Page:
Patients should request their provider measure the frequency of firing of the entire brain with a 19-lead electroencephalogram, or EEG.  An EEG measures the function of the brain like and EKG measures the function of the heart.  Without this information, a provider is making recommendations based on a patient’s history alone.  With the information discovered from the EEG, a provider can give precise rTMS treatment to the specific unbalanced region of the brain. No guesswork!

  1. Not all rTMS units are equal

Some rTMS units can only treat at 10pps frequency and are consequently limited in the conditions it can successfully treat.  Find providers that are using a state of the art unit that can vary its frequency of stimulation from 1 to 20pps.  This allows the provider to treat a wide variety of conditions beside depression.

  1. Evaluate Brain Chemistry

Find providers that evaluate brain chemistry including blood glucose, neurotransmitter deficiency, brain-gut connections, gluten sensitivity and many other factors.

 

If you suffer with depression, anxiety, insomnia, ADHD and other brain related disorders, I would encourage you to explore rTMS as a highly successful, low risk solution for qualified candidates.  In our clinic, we determine your candidacy by starting with an examination, including an EEG.

Tiffany Watson, CNP

Tiffany Watson, CNP

 

Brain Inflammation and Sugar: A Surprising Connection

Inflammation has been a buzzword in recent years as researchers have continued to find links between inflammation and symptoms like headaches, fatigue, memory loss, brain fog and many more. In previous blogs, we have talked about the three needs of a neuron, or brain cell. These include glucose, oxygen, and stimulation. Your brain cannot branch out and make new connections unless it receives proper stimulation to specific areas, and to do this, you must provide the proper chemical environment for those cells to do so. This means having an adequate oxygen supply, and just as importantly, a proper glucose (blood sugar) response.  So, what happens when blood sugar levels are too low or too high? How can this lead to inflammation? And what can I do to prevent this from happening?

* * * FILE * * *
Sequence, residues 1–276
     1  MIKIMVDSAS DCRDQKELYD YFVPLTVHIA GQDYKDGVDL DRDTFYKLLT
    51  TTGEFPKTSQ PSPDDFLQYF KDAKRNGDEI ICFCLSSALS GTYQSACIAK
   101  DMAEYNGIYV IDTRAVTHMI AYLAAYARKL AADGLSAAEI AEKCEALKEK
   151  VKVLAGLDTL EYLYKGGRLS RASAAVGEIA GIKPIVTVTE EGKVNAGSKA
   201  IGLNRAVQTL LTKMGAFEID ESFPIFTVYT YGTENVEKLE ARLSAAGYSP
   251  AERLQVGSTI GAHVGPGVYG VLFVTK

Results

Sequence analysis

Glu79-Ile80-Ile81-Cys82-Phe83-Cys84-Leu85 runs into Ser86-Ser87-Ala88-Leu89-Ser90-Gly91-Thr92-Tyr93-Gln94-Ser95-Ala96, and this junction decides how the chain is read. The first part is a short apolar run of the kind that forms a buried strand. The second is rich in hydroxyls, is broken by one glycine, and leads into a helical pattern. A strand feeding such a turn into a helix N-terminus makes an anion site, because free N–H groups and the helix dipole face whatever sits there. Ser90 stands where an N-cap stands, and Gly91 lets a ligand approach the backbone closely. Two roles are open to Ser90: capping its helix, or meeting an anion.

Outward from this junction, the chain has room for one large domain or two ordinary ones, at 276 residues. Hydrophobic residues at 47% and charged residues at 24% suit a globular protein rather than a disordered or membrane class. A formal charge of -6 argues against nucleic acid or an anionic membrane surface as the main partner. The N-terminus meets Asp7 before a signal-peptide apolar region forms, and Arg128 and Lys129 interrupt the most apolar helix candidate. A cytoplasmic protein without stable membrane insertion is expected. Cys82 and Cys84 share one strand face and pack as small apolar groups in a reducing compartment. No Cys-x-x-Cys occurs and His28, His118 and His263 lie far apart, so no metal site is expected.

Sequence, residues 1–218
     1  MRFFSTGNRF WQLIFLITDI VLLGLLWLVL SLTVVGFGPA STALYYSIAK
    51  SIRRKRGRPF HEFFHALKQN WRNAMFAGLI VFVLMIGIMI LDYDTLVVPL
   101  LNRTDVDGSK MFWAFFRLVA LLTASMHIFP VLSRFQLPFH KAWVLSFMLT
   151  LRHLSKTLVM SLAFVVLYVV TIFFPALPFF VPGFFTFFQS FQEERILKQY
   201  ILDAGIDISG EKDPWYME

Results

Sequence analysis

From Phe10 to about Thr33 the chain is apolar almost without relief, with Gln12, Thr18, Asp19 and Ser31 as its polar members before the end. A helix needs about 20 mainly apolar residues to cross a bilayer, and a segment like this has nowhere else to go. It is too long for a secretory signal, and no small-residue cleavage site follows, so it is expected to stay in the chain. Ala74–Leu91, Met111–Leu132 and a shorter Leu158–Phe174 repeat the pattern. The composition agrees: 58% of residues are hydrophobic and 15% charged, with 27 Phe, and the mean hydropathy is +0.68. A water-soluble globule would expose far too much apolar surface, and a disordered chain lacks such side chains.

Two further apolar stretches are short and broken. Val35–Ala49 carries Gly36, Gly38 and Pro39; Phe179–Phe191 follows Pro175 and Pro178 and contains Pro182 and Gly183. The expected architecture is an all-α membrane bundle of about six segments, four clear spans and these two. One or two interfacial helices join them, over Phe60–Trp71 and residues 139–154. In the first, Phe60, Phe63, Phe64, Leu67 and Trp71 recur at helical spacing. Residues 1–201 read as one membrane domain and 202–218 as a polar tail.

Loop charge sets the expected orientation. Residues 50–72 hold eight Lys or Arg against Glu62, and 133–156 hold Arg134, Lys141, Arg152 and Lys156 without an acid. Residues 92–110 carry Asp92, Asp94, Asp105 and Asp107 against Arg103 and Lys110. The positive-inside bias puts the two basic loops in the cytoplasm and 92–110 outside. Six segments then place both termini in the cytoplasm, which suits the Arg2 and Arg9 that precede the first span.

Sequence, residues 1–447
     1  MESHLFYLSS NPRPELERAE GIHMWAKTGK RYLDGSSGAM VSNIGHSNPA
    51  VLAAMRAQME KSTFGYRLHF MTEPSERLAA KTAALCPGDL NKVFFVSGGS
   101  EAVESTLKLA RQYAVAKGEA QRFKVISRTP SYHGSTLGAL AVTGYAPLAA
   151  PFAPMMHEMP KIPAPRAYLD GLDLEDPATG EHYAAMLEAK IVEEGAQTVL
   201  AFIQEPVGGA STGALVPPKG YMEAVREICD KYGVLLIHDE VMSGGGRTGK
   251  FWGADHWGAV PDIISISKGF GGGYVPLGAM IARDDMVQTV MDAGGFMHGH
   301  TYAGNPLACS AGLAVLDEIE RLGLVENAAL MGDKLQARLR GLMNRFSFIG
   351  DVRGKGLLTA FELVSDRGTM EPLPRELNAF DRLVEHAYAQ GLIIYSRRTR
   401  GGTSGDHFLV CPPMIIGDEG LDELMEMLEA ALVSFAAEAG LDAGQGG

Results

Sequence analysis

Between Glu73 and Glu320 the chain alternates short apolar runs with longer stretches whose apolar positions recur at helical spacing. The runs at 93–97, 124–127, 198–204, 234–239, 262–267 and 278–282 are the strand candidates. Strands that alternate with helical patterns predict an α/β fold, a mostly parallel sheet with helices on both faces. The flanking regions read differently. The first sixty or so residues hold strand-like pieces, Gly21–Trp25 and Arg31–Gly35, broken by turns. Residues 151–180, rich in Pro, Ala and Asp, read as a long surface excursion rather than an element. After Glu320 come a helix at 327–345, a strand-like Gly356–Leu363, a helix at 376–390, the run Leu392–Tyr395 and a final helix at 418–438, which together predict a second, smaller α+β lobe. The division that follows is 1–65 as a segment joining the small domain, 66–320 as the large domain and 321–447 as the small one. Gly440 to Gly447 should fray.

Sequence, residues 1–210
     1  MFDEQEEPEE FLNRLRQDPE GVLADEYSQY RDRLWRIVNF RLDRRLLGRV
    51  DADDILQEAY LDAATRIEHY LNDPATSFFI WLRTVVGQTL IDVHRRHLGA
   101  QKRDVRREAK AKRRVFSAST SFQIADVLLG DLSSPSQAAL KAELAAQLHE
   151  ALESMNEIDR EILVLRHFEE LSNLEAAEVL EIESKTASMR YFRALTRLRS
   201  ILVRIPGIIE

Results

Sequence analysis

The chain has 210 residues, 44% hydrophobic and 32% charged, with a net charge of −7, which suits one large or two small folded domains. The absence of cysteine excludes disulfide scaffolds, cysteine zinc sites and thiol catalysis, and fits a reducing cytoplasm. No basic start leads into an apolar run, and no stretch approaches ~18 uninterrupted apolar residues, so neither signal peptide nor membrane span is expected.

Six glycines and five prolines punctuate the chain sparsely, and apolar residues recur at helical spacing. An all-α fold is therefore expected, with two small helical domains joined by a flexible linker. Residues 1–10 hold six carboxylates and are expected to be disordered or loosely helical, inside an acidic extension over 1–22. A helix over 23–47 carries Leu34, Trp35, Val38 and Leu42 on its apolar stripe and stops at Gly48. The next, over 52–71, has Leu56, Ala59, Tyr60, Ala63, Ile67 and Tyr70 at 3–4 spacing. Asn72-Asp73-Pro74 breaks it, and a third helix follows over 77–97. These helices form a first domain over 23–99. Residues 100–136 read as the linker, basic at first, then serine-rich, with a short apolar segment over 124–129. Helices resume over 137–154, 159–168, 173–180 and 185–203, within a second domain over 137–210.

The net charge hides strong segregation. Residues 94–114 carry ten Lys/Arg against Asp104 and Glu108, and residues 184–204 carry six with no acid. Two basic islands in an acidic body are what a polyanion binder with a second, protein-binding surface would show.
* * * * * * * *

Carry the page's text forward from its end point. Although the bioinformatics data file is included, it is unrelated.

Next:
Blood Sugar Imbalances

One of the most important things you can do for your brain is to maintain stable blood sugars. When blood sugar is chronically low, it’s called hypoglycemia. On the flip side, if blood sugar is too high, it’s called hyperglycemia or insulin resistance.

Common Symptoms of Hypoglycemia

  • Feeling agitated or nervous
  • Eating to relieve fatigue
  • Becoming light headed if meals are missed
  • Increased energy after meals
  • Cravings for sweets between meals

Common Symptoms of Hyperglycemia/Insulin Resistance

  • Difficulty losing weight
  • Constant hunger
  • General fatigue
  • Fatigue after eating meals
  • Cravings for sweets that are not relieved after eating them

 

How This Leads to Inflammation

When blood sugars are too high, or if one is constantly fluctuating between low blood sugar and high blood sugar, this leads to activation of microglia, the brains immune cells. This directly leads to an inflammatory cascade in the brain, or neuroinflammation. When brain inflammation arises, there are immediate and long-term effects. It immediately slows down transmission speed of signals in the brain, leading to the feeling of brain fog and a drop in brain endurance. In the long-term, chronic brain inflammation will lead to sustained microglial activation and eventually neuronal death. This is why researchers are now referring to Alzheimer’s Disease as Type III Diabetes. Neuroinflammation has many more far reaching effects that we will discuss down the road.

What Can I Do?

Since chronic microglial cell activation has no automatic “off switch” to stop brain inflammation, there are things that can be done to dampen it. These include flavonoids such as apigenin, resveratrol, catechins, rutin, and curcumin. The providers at Team Health Care Clinic often recommend supplements that contain these natural compounds to help support the brain’s fight against inflammation.